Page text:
The US Department of Defense (DoD) has expressed concern over China's rapidly evolving cyber-warfare capabilities.
According to the Pentagon, computer systems around the world, including those owned and operated by the US government, continue to be the target of intrusions that "appear" to originate within the PRC.
Such intrusions typically focus on the rapid extraction of strategic, military and commercial data.
"The accesses and skills required for these intrusions are similar to those necessary to conduct computer network attacks," the Pentagon stated in its annual report to Congress.
"[However], it remains unclear if these intrusions were conducted by, or with the endorsement of, the PLA or other elements of the PRC
government. [Nevertheless], developing capabilities for cyber-warfare is consistent with authoritative PLA military writings."
To illustrate its point, the DoD noted that Canadian researchers had identified an electronic spy network based primarily in China which successfully infiltrated government offices around the world during 2009.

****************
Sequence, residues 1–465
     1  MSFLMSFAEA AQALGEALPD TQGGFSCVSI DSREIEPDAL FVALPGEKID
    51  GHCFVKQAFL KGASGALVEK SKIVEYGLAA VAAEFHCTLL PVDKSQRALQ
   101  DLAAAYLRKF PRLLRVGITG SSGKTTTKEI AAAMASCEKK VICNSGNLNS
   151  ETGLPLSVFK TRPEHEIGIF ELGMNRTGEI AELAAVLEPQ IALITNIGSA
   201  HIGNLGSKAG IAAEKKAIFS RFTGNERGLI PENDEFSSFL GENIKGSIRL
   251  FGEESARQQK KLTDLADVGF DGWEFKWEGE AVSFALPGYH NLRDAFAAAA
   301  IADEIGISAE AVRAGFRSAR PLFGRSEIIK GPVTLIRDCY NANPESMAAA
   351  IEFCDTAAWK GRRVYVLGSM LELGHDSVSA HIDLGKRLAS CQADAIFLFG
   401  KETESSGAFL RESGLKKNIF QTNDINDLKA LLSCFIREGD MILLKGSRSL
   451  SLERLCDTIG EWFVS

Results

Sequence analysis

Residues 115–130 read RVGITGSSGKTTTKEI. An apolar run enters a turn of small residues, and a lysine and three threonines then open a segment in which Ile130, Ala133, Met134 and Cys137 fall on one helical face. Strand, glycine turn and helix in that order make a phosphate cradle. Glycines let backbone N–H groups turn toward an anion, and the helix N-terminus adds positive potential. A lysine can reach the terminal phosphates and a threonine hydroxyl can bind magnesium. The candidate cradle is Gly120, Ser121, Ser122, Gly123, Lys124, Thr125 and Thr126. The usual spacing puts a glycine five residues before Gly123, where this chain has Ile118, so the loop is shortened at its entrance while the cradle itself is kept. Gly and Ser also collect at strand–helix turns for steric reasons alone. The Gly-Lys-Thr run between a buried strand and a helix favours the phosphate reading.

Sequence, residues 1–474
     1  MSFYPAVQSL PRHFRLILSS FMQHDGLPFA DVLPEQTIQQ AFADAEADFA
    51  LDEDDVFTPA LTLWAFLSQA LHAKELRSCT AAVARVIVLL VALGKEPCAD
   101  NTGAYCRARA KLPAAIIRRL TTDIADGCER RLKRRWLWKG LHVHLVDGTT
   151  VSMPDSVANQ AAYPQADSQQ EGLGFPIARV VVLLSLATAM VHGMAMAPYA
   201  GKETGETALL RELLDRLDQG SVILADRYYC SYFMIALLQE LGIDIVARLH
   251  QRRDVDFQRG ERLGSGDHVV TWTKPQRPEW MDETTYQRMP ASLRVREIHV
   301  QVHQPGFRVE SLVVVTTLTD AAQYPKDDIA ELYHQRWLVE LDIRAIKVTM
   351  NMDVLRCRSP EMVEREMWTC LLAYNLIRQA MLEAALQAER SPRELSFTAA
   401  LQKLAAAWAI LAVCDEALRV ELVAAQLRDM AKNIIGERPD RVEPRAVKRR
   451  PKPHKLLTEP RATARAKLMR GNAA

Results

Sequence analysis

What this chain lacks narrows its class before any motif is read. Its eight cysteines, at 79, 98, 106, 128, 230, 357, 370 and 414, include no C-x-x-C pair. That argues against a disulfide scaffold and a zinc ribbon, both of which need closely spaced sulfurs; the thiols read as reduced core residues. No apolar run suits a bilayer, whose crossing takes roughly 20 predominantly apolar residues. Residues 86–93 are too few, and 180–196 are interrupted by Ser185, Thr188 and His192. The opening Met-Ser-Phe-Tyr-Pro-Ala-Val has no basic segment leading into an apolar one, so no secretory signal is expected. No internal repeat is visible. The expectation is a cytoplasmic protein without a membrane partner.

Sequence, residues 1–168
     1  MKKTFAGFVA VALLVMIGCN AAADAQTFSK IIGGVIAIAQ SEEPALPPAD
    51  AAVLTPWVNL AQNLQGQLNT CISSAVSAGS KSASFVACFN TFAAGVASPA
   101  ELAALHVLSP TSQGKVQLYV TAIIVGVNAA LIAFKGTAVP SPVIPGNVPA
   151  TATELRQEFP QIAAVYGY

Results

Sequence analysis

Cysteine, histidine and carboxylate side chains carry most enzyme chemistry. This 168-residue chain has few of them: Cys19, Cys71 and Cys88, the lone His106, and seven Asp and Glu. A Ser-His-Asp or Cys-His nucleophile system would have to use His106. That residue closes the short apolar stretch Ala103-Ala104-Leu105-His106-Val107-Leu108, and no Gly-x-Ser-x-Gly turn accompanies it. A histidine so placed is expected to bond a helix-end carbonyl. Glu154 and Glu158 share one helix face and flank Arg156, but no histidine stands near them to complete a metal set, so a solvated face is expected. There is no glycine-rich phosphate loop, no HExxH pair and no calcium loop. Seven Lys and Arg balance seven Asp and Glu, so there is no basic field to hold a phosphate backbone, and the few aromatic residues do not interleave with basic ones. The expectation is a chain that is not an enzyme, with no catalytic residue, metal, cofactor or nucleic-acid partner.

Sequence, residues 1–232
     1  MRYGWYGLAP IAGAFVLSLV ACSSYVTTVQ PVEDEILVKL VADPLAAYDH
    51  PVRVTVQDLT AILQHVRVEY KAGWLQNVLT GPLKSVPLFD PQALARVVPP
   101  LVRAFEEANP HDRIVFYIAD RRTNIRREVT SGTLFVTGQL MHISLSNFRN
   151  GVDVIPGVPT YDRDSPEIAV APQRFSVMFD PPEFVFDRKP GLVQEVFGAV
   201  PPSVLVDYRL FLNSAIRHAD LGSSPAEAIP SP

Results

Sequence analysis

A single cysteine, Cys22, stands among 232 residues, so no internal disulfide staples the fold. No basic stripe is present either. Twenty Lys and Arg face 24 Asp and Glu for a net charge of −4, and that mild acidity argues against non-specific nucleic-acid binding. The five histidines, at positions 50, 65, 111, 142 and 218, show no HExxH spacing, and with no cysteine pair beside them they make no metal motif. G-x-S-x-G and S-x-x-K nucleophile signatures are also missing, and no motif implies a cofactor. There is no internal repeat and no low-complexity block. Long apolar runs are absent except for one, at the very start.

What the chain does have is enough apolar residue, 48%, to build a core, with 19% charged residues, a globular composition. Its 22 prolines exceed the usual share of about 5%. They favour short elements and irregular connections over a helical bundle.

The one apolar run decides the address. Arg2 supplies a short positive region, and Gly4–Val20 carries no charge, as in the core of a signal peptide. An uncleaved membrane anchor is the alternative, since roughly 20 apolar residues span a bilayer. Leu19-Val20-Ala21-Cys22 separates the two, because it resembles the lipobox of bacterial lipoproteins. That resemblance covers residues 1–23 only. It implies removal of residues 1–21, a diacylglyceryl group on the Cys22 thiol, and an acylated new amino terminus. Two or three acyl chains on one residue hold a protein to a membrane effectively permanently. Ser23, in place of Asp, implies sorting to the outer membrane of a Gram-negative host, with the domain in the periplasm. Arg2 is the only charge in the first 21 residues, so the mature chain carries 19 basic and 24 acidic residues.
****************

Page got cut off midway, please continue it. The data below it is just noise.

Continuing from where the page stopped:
In addition, the report emphasized that China was improving information and operational security to protect its own information structures, while simultaneously developing electronic and information warfare capabilities.
"China's information blockade likely envisions employment of military and
non-military instruments of state power across the battlespace, including in cyberspace and outer space.
"[The country's] investments in advanced electronic warfare systems, counter-space weapons, and computer network operations - combined with more traditional forms of control historically associated with the PLA and CCP systems, such as propaganda and denial through opacity, reflect the emphasis and priority China's leaders place on building capability for information advantage," concluded the report.